Oxygen Consumption of Arterial Smooth Muscle as a Function of Active Tone and Passive Stretch
The mean oxygen consumption of relaxed isolated vascular smooth muscle segments was found to equal 0.61±0.94 SEM µliter/mg wet wt/hr in a medium of buffered Ringer-glucose, and 0.65±0.05 SEM uliter/mg wet wt/hr in a solution of dog plasma. The resting muscle RQ was found to equal 0.99±0.01 SEM in buffered Ringer-glucose solution. When stimulated by addition of epinephrine the muscle segment contracted on the average by 9% of its initial diameter with a corresponding increase of its oxygen consumption by an average of 30% over its relaxed value. It was noticed that with increased initial circumferential stretch of the muscle segment, the amplitude of contraction was much greater when a given amount of catecholamine was added. This increase of sensitivity to catecholamine produced by initial stretch, was accompanied by a parallel increase of oxygen consumption by the contracted muscle. A qualitative correlation between an estimated degree of contraction of arterial muscle and its oxygen consumption was demonstrated. More quantitative correlation will have to depend upon better methods of measuring both the tension developed and the degree of initial stretch.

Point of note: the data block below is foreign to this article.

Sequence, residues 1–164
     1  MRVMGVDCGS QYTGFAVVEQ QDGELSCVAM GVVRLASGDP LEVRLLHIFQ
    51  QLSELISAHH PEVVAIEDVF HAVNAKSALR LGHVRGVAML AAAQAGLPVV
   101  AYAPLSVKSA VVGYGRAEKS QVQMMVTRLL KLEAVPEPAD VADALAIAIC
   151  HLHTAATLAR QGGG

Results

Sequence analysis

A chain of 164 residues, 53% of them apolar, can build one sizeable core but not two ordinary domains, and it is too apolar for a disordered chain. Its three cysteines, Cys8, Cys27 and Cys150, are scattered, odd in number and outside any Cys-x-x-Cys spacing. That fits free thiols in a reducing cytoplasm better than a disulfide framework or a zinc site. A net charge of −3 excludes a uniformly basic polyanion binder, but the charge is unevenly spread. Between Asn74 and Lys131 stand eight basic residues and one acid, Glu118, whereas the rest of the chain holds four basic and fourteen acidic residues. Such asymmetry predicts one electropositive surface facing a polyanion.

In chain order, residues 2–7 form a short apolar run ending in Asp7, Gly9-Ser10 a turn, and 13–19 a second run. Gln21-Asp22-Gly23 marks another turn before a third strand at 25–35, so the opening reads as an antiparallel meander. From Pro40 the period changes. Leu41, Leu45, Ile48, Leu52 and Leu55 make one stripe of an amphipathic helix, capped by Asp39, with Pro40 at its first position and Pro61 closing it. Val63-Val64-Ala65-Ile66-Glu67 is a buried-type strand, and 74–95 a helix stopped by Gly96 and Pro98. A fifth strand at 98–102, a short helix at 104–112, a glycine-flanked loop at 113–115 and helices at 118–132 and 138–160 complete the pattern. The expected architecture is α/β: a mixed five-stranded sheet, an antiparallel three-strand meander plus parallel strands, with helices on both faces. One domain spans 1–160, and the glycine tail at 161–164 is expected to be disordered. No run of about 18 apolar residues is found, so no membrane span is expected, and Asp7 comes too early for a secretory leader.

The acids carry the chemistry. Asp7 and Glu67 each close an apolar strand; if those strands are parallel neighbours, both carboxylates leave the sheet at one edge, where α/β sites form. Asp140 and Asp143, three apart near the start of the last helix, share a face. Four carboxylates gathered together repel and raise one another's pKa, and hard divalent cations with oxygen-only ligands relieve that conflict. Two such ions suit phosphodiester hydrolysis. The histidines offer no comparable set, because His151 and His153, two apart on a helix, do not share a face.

- Accepted July 6, 1965.
- © 1966 American Heart Association, Inc.